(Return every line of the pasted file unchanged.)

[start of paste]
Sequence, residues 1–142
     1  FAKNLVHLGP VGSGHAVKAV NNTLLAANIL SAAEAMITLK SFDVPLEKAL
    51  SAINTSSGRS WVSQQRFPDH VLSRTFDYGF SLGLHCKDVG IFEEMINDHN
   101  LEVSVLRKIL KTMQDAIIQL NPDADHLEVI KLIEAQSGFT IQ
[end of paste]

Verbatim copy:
Sequence, residues 1–142
     1  FAKNLVHLGP VGSGHAVKAV NNTLLAANIL SAAEAMITLK SFDVPLEKAL
    51  SAINTSSGRS WVSQQRFPDH VLSRTFDYGF SLGLHCKDVG IFEEMINDHN
   101  LEVSVLRKIL KTMQDAIIQL NPDADHLEVI KLIEAQSGFT IQ